HBM standard updated: 24GB per stack, 96GB HBM2 per card

JEDEC updates the HBM standard with larger capacity, more bandwidth: 24GB per stack, up to 96GB per card.

Published Dec 18, 2018 9:15 PM CST   |   Updated Tue, Nov 3 2020 11:49 AM CST
2 minutes & 7 seconds read time

It's funny... when I was in Hawaii covering the Snapdragon Summit that Qualcomm hosted, we noticed that JEDEC was hosting a meeting there. We didn't know what JEDEC were announcing, but now we know: an update to the HBM standard.

HBM standard updated: 24GB per stack, 96GB HBM2 per card | TweakTown.com

The first consumer graphics card to launch with HBM technology was from AMD in the form of the Radeon R9 Fury X, followed by the HBM2-based Radoen RX Vega family of cards. AMD and NVIDIA continue to use HBM2 today with AMD deploying it on their consumer level Radeon RX Vega 56 and 64 cards but also their Radeon Pro family with various Vega GPUs and even the world's first 7nm GPU with Vega 20 rolling out with 32GB of HBM2. NVIDIA's current flock of Tesla V100 graphics cards are powered by up to 32GB of HBM2 memory, while the new Quadro RTX 5000/6000/8000 cards are all using GDDR6 memory.

JEDEC has since updated the HBM standard to 24GB per stack with 307GB/sec memory bandwidth per stack, giving AMD and NVIDIA the option of using 4-Hi and 8-Hi stacks of HBM2 that would pave the way for up to 96GB of memory on a single card. If we had a card with a 4096-bit memory bus (like the Radeon RX Vega 64 for example) and used the updated HBM2 standard, we're looking at 1.2TB/sec of memory bandwidth.

JEDEC explains: "JEDEC standard JESD235B for HBM leverages Wide I/O and TSV technologies to support densities up to 24 GB per device at speeds up to 307 GB/s. This bandwidth is delivered across a 1024-bit wide device interface that is divided into 8 independent channels on each DRAM stack. The standard can support 2-high, 4-high, 8-high, and 12-high TSV stacks of DRAM at full bandwidth to allow systems flexibility on capacity requirements from 1 GB - 24 GB per stack".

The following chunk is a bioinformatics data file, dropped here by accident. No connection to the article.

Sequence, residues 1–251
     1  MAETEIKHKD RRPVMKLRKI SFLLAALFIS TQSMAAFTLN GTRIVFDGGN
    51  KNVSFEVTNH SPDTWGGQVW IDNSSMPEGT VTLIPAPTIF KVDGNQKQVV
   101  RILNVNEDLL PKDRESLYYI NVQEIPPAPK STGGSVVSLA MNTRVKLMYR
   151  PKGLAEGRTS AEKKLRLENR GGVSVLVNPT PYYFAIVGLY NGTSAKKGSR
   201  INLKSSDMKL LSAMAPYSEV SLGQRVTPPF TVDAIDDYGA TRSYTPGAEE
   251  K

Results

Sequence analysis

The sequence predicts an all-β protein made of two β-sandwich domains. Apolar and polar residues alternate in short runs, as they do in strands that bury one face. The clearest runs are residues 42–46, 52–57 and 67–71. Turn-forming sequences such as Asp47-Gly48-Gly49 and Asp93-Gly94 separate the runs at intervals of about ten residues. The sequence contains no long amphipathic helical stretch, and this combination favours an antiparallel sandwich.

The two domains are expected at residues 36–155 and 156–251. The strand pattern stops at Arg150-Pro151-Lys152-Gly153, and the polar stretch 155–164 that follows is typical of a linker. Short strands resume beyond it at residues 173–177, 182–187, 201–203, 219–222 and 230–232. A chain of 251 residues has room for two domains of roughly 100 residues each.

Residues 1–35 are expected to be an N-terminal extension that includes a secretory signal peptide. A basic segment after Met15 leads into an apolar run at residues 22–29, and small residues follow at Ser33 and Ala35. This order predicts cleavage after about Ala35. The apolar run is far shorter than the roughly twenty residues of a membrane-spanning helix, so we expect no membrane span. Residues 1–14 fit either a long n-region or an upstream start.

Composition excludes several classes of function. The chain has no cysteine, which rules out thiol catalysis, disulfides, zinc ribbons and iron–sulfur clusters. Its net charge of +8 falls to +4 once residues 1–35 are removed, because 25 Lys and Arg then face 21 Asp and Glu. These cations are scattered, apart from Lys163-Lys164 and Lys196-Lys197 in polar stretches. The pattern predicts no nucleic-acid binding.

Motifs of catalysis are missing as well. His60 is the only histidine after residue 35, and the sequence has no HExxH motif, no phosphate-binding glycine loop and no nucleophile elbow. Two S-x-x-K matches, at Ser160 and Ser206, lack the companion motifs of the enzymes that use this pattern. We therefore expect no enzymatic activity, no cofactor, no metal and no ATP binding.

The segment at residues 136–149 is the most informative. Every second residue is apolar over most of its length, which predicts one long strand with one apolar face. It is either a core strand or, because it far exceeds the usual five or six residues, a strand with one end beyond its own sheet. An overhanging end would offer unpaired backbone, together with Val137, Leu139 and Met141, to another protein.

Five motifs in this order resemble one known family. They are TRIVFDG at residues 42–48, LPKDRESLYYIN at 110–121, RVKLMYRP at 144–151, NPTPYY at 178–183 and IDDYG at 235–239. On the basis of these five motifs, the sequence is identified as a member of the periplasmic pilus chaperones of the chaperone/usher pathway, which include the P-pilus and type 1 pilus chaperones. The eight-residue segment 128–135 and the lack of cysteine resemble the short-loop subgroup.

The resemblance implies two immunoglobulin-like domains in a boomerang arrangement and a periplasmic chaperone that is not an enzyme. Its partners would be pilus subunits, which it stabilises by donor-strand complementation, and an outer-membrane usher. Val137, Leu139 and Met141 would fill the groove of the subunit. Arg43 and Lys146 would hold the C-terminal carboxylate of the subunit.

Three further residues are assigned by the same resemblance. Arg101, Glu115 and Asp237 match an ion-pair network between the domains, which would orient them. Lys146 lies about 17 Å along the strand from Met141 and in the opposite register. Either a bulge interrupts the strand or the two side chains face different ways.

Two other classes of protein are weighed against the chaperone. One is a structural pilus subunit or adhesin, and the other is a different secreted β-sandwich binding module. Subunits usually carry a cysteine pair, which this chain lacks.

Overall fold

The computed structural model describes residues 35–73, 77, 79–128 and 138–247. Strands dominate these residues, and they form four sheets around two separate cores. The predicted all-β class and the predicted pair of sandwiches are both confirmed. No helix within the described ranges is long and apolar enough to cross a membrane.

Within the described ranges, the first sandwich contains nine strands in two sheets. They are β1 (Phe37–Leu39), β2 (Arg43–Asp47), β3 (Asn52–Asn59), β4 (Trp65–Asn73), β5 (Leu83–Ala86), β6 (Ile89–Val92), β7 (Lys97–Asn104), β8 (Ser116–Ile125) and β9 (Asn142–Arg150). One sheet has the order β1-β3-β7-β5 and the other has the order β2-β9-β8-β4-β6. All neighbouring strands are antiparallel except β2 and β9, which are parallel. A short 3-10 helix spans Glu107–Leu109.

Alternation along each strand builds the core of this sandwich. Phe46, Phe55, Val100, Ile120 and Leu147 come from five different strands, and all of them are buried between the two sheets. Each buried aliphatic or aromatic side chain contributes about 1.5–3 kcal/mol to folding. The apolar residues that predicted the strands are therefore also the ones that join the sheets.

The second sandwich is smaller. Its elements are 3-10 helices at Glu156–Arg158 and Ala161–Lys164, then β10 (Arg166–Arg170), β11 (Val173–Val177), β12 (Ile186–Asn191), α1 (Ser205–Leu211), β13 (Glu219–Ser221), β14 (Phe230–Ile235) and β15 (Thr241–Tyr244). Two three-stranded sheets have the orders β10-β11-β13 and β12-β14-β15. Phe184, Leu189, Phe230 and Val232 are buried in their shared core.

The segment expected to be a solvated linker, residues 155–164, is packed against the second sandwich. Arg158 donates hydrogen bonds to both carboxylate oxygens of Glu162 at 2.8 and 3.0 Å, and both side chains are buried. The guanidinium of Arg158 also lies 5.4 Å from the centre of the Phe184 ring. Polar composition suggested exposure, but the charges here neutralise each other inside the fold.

The memory consortium continues: "This update extends the per pin bandwidth to 2.4 Gbps, adds a new footprint option to accommodate the 16 Gb-layer and 12-high configurations for higher density components, and updates the MISR polynomial options for these new configurations. Additional clarifications are provided throughout the document to address test features and compatibility across generations of HBM components".

Currently the limit has been 32GB of HBM2 on a single card with the AMD Radeon Pro WX9100 and NVIDIA Tesla V100 cards that both use 4 HBM2 stacks with 8GB per stack (4 x 8 = 32GB). The new HBM standard can support 16Gb dies that can be configured anywhere between 1GB to 24GB per stack, so a 4-Hi stack of 24GB would result in 96GB of HBM total... pretty damn impressive.

A next-gen card with 96GB of HBM2 on a 4096-bit memory bus would explode out of the gate with 1.2TB/sec of memory bandwidth, absolutely annihilating the 512GB/sec on the current Radeon RX Vega 64 and its HBM2 and the 900GB/sec of memory bandwidth available to the NVIDIA Tesla V100.

Should we expect a new Vega 20-based Radeon Pro Vega with 96GB HBM2, or a new Tesla V200 (my thoughts, not confirmed) with 96GB HBM2? Now that would be quite amazing to see.

Anthony joined the TweakTown team in 2010 and has since reviewed 100s of graphics cards. Anthony is a long time PC enthusiast with a passion of hate for games built around consoles. FPS gaming since the pre-Quake days, where you were insulted if you used a mouse to aim, he has been addicted to gaming and hardware ever since. Working in IT retail for 10 years gave him great experience with custom-built PCs. His addiction to GPU tech is unwavering.

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